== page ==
|Date of Birth||November 8, 1890|
|Place of Birth||Chiddingley, Sussex|
|Next of Kin||William Woodgate, father, Monkhurst Farm, Sandy Cross Heathfield, Sussex, England|
|Trade / Calling||Motor Mechanic|
|Battalion||Show Grounds Camp, Sydney|
|Force||Australian Imperial Force|
|Enlisted / Conscripted||Enlisted|
|Place of Enlistment||Show Grounds Camp, Sydney|
|Address at Enlistment||171 William Street, Darlinghurst, New South Wales|
|Date of Enlistment||November 6, 1917|
|Age at Enlistment||27|
|Theatre of Service||Australia|
|Prisoner of War||No|
|Date of Death||April 15, 1968|
|Age at Death||77|
|Buried At||Lake of the Woods Cemetery, Kenora, Ontario|
Thomas Woodgate was born on 8 November 1890 in Chiddingley, Sussex, England. His father William Woodgate was from nearby Hellingly while his mother Phoebe Smith was from Chiddingley. The couple married in October of 1877 in Hellingly where William was working as an agricultural labourer. Thomas had at six older siblings, Mary Ann, David, William, Emily, Frederick, and Rosina (Rose) and five younger siblings, Harry, Ruth, Phoebe, Richard, and Charles. Another child had been born to the family but did not survive infancy. The 1891 census found the family living in Chiddingley with father William working as a farm labourer. By the time of the 1901 census the family had relocated to Heathfield where William found employment as a stockman/cattleman, and by the 1911 census William and Phoebe and some of the younger children were living in Waldron, William working as an agricultural waggoner.
At some point Thomas immigrated to Australia where he held a variety of jobs and obtained his papers in the goldfields of Calgoorlie and Koolgardie. He was living in Darlinghurst in New South Wales when he signed his attestation papers on 6 November 1917. He was working as a motor mechanic at the time and gave his father William back in Heathfield, England as next of kin. For reasons unknown he gave his birth year as 1892. However Thomas’ service was to be very short as he was found medically unfit and discharged from service on November 14th. He was found to have rhonchi in the chest (coarse rattling respiratory sounds, usually caused by secretions in bronchial airways) as well as varicose veins, both that would interfere with training.
Thomas immigrated to Canada in 1923, arriving in Vancouver on February 12th aboard the Matatua. He was headed to northwestern Ontario where his brother David was living in the area between Emo and Fort Frances. David and brother William had immigrated to Canada in 1911. By that August Thomas had settled in Kenora, Ontario where he began work on the construction of the power house and the paper mill. On 26 October 1926 in Kenora, Thomas married Mary Wilson. Born in LaVallee (village between Emo and Fort Frances), Mary was the daughter of Henry Wilson and Edith Alma Been. Thomas’ brother David had married Mary’s sister Elizabeth in 1919 in Emo.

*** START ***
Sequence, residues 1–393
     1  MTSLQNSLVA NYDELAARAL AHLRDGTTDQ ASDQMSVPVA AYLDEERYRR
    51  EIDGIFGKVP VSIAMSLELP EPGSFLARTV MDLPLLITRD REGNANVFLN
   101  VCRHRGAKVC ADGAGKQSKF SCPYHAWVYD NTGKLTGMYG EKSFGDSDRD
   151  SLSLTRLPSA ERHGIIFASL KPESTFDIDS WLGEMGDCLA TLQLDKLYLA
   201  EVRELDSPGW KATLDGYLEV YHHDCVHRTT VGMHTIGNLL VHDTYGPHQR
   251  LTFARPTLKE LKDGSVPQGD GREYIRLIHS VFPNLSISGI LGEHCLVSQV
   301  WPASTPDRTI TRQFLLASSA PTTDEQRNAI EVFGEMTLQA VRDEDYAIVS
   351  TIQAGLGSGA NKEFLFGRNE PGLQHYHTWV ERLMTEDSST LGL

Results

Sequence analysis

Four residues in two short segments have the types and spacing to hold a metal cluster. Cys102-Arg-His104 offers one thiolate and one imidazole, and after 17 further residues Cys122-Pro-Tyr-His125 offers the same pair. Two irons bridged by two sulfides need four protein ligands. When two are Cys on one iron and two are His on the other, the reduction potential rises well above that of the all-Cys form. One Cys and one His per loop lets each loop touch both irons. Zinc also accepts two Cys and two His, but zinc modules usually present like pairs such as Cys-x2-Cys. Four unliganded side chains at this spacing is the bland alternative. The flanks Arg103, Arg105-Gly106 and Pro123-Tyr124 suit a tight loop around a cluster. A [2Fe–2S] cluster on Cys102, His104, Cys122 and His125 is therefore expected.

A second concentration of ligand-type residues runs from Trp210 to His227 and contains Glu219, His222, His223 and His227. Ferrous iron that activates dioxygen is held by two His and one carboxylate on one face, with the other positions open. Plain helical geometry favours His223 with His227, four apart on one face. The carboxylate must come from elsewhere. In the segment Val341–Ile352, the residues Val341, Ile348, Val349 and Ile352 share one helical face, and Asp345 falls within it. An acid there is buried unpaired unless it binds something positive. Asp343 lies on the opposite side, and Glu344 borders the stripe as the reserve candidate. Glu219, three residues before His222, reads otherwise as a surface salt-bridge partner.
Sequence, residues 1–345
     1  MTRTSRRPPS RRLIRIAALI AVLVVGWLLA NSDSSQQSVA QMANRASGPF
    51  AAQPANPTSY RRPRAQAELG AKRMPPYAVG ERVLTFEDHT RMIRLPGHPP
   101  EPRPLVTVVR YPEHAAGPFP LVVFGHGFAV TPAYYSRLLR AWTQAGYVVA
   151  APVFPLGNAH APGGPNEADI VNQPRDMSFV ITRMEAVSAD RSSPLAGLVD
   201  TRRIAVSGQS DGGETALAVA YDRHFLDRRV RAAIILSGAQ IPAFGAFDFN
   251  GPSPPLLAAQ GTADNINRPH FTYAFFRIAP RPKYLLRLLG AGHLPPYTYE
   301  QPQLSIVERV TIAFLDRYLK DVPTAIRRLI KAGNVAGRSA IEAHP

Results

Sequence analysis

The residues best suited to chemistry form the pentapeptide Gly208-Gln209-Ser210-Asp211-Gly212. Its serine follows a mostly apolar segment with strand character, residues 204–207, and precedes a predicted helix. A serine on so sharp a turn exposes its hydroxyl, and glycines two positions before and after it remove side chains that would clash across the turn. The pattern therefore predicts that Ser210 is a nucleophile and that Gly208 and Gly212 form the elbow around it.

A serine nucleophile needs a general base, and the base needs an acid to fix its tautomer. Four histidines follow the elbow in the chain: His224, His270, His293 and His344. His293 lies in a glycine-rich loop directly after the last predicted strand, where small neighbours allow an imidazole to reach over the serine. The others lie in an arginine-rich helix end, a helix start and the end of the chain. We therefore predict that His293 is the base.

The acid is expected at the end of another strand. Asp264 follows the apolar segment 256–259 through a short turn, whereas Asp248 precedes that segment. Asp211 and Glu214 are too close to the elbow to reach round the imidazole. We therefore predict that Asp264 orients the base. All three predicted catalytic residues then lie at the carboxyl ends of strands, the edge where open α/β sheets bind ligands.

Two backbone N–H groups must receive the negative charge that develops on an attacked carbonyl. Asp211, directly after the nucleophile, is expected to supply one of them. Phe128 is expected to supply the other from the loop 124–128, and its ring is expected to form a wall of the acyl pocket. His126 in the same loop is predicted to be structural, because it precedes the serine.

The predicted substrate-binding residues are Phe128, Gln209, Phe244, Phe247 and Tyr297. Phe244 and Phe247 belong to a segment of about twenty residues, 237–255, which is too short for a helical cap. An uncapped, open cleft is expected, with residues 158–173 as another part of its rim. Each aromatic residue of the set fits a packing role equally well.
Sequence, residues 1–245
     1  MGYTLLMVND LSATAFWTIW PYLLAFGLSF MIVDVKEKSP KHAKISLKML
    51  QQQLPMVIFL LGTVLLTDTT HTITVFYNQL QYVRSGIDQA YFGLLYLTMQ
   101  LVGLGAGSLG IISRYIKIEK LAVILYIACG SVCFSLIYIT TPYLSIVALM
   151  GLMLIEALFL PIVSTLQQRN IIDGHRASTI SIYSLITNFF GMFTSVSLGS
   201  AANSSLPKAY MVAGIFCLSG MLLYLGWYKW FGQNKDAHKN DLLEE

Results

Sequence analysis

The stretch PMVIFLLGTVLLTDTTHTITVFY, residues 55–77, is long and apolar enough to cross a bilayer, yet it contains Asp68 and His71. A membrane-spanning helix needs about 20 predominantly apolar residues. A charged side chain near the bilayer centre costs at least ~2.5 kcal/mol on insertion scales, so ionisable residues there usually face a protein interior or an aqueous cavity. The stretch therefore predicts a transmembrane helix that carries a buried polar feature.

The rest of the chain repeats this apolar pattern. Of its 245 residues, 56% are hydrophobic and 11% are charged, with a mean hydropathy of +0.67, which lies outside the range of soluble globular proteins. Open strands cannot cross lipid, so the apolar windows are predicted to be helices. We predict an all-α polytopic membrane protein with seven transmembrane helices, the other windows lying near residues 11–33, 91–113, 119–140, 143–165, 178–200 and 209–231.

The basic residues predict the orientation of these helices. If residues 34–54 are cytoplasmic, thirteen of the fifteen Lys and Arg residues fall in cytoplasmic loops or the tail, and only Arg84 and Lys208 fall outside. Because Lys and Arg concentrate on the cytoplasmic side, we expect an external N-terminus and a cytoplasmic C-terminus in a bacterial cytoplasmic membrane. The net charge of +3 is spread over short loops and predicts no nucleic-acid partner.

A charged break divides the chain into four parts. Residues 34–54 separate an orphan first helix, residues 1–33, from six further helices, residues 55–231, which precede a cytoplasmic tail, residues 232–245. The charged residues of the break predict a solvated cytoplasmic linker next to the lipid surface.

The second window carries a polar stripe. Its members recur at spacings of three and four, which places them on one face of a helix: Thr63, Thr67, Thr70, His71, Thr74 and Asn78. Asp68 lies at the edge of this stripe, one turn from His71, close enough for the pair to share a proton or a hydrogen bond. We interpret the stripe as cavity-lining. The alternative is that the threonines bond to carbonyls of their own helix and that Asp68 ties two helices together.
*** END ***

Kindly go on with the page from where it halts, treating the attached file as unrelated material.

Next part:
Thomas and Mary were to make Kenora their home, Thomas working as a stationary engineer in the steam plant at the mill until his retirement in the early 1960’s. The couple had three children, son Bill and daughters Muriel and Edythe. Thomas was affiliated with Pequonga Lodge AF and AM and was a member of Golden Chapter No 90, Royal Arch Masons.
Thomas died on 15 April 1968 in the Kenora General Hospital. At the time he was survived by his wife Mary of Kenora, son Bill of Vancouver, daughters Muriel (Gerald) Bell of Fredericton, New Brunswick and Edythe (JM) Gibson of Calgary, Alberta. He was also survived by siblings Mary Ann Leeves, Emily Oliver, Phoebe Peters, Richard, and Charles, all back in England. He was predeceased by his mother (1938), father (1941), both in England, and siblings William (1918 in Cobourg, Ontario), Harry (1918), Rosina (1932 in England), Frederick (1954 in Vancouver), and David (1968 in Fort Frances). Thomas’ wife Mary died on 24 July 1996 and is interred with Thomas in the Lake of the Woods Cemetery, Kenora.
Thomas’ brother David enlisted in Fort Frances in May of 1916 and went overseas with the 141st Battalion. He returned to Canada in August of 1919, unit listed on the passenger list as Canadian Army Medical Corps. Thomas’ brother Harry served as a Sergeant with the 2nd Battalion, Queen’s Own (Royal West Kent) Regiment with the Mesopotamian Expeditionary Force. He was reported as killed in action on 28 October 1918. Harry is interred in the Baghdad (North Gate) War Cemetery in Baghdad, Iraq.
by Judy Stockham